Faces From the Front for January 24, 2011 - Sgt. 1st Class Laura VanGilder
Current Unit: 193rd Military Police Battalion
Current Position: Intelligence and Security Noncommissioned Officer-in-Charge
Component: National Guard
Current Location: Bagram, Afghanistan
Hometown: McConnelsville, Ohio
Years of Service: 24
Detainee operations play a significant role in Afghanistan, especially while U.S. Forces work with the Afghan National Army to rebuild the country and overcome extremism. Given the importance of detainee operations in accomplishing the Army’s mission and the delicate nature with which the assignment must be handled, it is no surprise that a seasoned Soldier, Sgt. 1st Class Laura VanGilder, was selected to serve as the intelligence and security noncommissioned officer-in-charge of the Detention Facility in Parwan (DFIP).
DFIP is a state-of-the-art detention facility equipped with a medical clinic, on-site family visitation center, vocational facilities and educational classrooms. VanGilder, who has spent 24 years in the Army and received a Bronze Star Medal for her previous deployment to Iraq with the 220th Military Police Battalion, is charged with overseeing the detainee population at DFIP on a day-to-day basis and managing twelve Soldiers who help run the facility.
In this role, VanGilder must promote safe protocol and make certain all prisoners are treated fairly and justly.
“Our role is to provide care and custody with dignity and respect, while ensuring that persons who wish to do harm to U.S. Forces are detained,” VanGilder explained.
VanGilder and her Soldiers must handle a plethora of different issues to ensure that DFIP runs smoothly.
“We manage the intake, release and transfer of various detainees and determine where detainees are housed, whether it be communal accommodations or segregated lodging,” VanGilder explained. “We manage every aspect of the detainee life cycle, from feeding and clothing them to assisting them in observance of their religion.”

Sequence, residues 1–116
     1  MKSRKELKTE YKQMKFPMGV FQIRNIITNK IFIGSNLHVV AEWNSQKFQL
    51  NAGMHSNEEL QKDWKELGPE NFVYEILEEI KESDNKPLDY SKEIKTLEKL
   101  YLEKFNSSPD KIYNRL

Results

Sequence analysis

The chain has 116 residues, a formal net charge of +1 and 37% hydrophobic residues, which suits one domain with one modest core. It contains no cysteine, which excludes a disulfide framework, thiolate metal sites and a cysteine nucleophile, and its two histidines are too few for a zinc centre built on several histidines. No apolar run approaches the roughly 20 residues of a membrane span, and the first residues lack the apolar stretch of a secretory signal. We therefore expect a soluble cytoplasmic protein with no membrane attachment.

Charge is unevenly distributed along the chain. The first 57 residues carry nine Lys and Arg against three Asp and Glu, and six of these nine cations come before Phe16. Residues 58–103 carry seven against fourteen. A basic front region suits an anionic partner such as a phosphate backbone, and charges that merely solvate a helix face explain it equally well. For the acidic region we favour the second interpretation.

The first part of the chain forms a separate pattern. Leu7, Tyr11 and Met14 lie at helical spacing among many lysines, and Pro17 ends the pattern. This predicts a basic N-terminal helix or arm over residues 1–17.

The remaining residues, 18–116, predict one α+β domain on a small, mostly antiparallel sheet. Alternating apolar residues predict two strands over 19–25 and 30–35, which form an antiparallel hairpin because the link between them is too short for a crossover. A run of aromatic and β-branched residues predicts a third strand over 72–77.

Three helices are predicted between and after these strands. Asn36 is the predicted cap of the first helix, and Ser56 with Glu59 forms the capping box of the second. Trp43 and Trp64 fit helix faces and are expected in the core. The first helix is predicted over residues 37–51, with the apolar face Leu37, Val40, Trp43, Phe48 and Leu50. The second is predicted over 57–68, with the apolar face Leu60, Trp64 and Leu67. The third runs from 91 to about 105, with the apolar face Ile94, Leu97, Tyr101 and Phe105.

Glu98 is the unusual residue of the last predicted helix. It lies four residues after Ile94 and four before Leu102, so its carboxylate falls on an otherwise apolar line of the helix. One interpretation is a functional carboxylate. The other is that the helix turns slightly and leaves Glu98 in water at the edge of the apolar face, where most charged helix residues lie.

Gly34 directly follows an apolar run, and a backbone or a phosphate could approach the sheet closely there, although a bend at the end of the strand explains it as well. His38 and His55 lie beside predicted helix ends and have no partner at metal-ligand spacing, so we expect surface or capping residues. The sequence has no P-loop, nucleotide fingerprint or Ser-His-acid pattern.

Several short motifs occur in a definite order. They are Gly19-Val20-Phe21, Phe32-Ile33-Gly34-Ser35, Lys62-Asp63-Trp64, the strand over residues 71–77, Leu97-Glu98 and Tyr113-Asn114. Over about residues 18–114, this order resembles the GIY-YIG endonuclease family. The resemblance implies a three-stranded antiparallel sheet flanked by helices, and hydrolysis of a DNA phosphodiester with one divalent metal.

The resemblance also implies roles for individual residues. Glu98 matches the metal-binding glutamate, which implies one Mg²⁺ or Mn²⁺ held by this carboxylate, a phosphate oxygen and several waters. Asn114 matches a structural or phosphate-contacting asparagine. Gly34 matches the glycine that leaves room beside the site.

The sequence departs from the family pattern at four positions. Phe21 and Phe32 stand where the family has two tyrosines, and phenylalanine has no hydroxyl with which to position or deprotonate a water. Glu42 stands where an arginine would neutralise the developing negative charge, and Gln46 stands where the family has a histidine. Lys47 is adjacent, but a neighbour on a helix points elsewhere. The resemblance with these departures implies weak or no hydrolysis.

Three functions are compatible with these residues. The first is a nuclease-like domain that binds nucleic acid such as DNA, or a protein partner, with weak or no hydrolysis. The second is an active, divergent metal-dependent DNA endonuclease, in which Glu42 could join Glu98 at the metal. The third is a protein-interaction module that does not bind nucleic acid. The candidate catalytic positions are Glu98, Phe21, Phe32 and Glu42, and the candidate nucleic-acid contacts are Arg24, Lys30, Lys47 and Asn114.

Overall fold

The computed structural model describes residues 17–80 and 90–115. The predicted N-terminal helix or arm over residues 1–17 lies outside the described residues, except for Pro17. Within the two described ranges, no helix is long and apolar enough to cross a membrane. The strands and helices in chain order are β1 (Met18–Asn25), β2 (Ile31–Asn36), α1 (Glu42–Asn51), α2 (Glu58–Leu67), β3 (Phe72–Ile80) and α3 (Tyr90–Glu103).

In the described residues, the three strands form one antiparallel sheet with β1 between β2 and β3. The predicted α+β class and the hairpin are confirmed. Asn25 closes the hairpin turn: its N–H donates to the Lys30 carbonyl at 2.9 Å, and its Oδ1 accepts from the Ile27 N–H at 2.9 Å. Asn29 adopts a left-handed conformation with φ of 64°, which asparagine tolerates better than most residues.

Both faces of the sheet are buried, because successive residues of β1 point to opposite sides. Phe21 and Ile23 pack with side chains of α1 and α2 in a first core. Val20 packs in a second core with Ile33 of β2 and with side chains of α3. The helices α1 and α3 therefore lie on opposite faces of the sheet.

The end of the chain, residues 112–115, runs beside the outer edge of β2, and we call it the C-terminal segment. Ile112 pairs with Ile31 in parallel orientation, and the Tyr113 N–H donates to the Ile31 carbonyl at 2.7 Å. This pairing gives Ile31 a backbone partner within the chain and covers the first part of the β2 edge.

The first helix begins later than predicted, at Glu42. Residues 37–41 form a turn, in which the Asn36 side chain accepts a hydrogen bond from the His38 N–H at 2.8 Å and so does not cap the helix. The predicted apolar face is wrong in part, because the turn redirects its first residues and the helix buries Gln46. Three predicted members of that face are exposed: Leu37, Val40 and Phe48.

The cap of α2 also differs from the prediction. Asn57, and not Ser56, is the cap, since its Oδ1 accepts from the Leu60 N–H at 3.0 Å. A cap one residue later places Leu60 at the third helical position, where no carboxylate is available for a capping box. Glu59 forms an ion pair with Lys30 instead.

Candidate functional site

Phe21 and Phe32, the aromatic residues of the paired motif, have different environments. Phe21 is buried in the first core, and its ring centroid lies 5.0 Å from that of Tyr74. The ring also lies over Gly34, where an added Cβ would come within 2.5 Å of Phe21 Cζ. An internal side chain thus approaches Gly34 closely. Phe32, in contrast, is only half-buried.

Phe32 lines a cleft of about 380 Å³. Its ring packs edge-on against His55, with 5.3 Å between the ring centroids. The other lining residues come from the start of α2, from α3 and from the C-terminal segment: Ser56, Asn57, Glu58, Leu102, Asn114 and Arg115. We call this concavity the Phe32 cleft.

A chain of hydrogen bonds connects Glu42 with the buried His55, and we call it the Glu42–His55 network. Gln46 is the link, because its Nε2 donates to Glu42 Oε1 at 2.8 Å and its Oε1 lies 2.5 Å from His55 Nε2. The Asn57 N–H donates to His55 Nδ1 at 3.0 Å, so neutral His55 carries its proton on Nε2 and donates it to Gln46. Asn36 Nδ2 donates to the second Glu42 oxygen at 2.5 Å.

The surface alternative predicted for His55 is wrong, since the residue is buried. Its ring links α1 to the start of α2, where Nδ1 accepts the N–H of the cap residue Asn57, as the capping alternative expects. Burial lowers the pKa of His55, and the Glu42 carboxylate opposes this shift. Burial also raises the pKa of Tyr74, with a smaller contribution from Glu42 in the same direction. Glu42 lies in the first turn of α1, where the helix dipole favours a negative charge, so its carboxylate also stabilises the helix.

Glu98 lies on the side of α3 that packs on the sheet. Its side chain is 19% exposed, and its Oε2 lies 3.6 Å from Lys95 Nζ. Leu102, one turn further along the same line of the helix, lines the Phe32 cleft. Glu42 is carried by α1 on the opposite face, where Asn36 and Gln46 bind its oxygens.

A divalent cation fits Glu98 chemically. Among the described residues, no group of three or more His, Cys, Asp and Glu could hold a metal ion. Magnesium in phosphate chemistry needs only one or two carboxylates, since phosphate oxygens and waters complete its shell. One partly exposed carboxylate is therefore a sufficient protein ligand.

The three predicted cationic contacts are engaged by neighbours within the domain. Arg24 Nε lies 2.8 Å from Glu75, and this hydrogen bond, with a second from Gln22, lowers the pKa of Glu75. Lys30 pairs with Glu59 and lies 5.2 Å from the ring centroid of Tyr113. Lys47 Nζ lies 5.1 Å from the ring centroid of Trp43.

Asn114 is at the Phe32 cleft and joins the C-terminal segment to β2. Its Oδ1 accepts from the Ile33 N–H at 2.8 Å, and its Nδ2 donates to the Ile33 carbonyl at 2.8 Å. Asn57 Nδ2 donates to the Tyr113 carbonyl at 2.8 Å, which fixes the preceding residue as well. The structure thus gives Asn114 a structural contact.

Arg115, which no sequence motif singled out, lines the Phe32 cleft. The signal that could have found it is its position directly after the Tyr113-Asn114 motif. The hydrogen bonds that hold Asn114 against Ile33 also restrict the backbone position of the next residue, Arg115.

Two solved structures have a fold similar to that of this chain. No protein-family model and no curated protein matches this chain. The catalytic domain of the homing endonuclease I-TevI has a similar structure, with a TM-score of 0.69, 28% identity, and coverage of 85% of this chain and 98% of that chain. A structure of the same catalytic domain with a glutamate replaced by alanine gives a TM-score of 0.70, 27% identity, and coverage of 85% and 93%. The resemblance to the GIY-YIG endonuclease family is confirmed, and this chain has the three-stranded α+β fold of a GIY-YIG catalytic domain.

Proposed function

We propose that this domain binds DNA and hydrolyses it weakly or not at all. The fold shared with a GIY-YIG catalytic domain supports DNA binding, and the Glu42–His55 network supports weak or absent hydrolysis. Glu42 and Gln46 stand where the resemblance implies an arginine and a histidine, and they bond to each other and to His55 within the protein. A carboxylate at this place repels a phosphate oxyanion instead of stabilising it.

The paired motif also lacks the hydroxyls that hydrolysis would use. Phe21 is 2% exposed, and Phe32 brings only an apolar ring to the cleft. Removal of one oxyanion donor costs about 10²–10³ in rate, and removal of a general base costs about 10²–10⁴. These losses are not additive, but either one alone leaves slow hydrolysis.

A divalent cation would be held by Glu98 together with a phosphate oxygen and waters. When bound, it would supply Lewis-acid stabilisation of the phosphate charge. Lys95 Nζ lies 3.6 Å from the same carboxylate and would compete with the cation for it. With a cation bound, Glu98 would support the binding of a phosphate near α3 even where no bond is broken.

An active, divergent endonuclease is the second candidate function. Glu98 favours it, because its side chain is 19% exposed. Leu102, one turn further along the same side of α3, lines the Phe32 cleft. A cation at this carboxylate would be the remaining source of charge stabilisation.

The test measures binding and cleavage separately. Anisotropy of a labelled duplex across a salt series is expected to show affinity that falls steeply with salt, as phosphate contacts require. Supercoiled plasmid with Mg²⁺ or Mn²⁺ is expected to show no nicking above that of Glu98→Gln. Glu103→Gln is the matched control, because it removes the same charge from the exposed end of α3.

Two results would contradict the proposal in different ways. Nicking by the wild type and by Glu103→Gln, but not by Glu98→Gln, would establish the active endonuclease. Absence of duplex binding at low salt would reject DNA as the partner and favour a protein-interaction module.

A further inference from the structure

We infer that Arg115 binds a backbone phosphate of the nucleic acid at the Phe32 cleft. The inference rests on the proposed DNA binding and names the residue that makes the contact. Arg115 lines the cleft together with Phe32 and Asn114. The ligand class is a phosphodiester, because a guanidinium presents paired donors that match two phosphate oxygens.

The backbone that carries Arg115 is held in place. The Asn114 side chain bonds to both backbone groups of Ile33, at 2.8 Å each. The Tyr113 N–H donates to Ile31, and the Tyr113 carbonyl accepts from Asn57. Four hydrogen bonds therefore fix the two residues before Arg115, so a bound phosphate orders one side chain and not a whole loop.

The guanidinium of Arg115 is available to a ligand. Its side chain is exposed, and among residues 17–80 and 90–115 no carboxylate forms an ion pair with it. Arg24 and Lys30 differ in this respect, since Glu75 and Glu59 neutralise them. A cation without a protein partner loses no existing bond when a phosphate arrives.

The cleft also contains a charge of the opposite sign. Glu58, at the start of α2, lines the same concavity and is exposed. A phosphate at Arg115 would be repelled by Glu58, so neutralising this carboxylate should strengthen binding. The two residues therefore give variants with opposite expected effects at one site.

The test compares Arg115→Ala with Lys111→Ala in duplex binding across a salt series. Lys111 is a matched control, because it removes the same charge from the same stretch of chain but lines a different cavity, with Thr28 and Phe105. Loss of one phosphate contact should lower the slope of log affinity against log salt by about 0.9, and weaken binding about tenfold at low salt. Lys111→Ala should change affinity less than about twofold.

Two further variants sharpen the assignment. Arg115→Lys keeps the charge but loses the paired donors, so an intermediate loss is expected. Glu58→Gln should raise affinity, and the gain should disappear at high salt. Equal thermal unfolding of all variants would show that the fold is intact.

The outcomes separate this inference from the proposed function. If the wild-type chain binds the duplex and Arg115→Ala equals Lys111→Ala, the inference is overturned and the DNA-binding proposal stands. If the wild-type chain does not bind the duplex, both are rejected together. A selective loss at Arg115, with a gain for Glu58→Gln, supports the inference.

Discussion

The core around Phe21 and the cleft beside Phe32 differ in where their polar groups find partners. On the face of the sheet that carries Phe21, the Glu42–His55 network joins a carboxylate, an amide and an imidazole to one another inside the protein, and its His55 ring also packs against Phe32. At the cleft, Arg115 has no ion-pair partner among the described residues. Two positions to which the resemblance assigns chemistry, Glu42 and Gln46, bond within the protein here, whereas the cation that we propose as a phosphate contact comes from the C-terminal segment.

While VanGilder and her Soldiers know the importance of their work, it does not lessen the emotional impact of dealing with detainees on a regular basis. Inmates held against their will and outside of their element can be difficult to interact with.
“One of the most challenging aspects of this deployment is the mental toll that the demands of detainees can bring,” VanGilder explained.
VanGilder relies on the support of her family to maintain the strength to complete her mission each day. Her husband, Richard VanGilder, recently retired from the Army as a chief warrant officer and, having deployed many times, he understands the difficulties VanGilder is facing.
“Being a dual military couple does make for a better understanding of what the other person is going through,” Sgt. 1st Class VanGilder said. “We both understand the toll a deployment can take and we try hard to understand the demands.”
VanGilder is expected to return from deployment in early 2011. She plans to celebrate a belated Christmas with her husband and son, and looks forward to visiting relatives. She will then return to her position as the readiness noncommissioned officer for her battalion’s headquarters, where she will remain until her planned retirement from the Army in 2012.